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Handbook on the Economics of Reciprocity and Social Enterprise

Handbook on the Economics of Reciprocity and Social Enterprise

Elgar original reference

Edited by Luigino Bruni and Stefano Zamagni

The recent era of economic turbulence has generated a growing enthusiasm for an increase in new and original economic insights based around the concepts of reciprocity and social enterprise. This stimulating and thought-provoking Handbook not only encourages and supports this growth, but also emphasises and expands upon new topics and issues within the economics discourse.

Chapter 21: Liberalism

Adrian Pabst

Subjects: economics and finance, behavioural and experimental economics, economic psychology, public sector economics, politics and public policy, social entrepreneurship, social policy and sociology, economics of social policy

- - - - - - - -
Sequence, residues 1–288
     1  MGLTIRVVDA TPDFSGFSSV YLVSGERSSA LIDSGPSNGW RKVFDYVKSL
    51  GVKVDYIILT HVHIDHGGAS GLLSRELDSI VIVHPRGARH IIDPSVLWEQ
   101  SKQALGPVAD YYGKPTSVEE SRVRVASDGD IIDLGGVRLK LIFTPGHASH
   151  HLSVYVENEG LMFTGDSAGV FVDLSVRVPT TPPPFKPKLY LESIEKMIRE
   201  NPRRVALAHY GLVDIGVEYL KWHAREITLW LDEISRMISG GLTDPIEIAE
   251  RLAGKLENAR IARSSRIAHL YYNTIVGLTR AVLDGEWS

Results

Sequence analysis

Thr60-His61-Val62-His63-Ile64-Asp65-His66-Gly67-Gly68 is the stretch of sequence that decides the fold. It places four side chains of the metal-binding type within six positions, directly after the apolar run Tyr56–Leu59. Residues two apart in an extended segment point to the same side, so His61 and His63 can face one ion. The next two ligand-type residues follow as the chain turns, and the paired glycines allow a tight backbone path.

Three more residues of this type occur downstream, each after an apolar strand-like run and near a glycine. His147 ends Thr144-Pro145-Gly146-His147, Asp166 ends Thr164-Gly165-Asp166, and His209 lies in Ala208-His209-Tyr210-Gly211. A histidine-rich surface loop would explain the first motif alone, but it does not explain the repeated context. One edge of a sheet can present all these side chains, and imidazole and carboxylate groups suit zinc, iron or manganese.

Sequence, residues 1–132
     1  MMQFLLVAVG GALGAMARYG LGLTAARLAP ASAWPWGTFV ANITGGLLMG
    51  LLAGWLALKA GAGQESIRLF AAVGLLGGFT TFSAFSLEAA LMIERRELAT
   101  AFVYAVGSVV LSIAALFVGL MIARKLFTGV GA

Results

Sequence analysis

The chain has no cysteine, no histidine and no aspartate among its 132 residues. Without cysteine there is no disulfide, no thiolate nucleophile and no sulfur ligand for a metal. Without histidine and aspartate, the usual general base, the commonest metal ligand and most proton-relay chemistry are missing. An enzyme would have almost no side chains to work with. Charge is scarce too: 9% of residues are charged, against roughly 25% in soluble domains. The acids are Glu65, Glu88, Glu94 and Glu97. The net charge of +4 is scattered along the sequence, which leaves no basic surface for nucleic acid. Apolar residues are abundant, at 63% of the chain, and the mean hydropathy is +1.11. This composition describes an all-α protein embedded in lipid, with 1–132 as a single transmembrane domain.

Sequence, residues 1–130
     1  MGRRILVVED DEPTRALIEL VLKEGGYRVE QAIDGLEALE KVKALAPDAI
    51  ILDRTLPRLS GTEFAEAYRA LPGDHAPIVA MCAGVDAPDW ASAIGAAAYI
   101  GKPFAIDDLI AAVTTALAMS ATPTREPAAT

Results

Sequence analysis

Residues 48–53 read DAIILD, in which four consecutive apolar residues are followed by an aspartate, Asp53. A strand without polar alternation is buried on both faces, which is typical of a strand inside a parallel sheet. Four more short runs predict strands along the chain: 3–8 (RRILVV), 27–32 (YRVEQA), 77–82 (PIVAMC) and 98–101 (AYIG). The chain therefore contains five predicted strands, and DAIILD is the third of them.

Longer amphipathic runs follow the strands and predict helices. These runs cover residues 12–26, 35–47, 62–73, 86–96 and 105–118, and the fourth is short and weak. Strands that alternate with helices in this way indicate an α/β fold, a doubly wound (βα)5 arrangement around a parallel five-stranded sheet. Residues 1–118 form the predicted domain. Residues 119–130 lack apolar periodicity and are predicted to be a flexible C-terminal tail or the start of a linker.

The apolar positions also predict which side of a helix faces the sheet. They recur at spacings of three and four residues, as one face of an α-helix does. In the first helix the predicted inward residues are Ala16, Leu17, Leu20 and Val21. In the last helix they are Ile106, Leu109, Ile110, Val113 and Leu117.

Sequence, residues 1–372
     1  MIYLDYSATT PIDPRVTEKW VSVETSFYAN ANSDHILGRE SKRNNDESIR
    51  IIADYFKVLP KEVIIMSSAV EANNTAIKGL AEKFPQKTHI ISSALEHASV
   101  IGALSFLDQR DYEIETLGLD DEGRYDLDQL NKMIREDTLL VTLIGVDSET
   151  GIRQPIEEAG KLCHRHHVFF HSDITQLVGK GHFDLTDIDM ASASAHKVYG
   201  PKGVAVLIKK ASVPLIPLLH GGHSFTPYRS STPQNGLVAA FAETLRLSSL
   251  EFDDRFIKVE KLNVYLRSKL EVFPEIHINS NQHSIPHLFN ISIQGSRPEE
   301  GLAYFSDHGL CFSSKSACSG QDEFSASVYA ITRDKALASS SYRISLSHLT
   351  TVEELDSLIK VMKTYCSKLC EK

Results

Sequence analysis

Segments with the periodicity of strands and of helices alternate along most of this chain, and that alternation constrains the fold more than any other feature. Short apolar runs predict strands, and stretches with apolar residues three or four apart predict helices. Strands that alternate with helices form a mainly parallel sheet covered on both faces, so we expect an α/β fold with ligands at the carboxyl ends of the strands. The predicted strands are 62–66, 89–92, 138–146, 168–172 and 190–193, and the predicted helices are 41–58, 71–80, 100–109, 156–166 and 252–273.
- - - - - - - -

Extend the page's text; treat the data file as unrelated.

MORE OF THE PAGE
Until the global economic crisis struck in 2008, liberalism was the dominant ideology of our time and undoubtedly the most influential political philosophy of the last 300 years or so. Its origins, evolution and meaning are deeply contested by liberal and non-liberal thinkers alike. Many contemporary historians and political philosophers claim that liberal thought first emerged in the late sixteenth or early seventeenth century and evolved into a distinct philosophical tradition during the Age of Enlightenment (e.g. Mesnard 1969; Kelly 2005, Paul et al 2007). Thus, key liberal figures such as John Locke (1632–1704), Jean-Jacques Rousseau (1712–1778) and Immanuel Kant (1724–1804) opposed what they viewed as the unholy alliance between the Church, absolutist monarchs and the feudal capitalism of the landed gentry. They defended alternative ideas such as freedom of religion, tolerance, constitutional rule, individual property and free trade. These antecedents were important, but – so the dominant narrative goes – liberalism’s evolution as an ideology and political movement only took off following the impact of the American and the French Revolution. Thereafter the liberal tradition was instrumental in the ‘three waves of democratization’ (Huntington 1991). The first wave saw liberal governments triumph in much of Europe and the Americas in the nineteenth and the early twentieth centuries.

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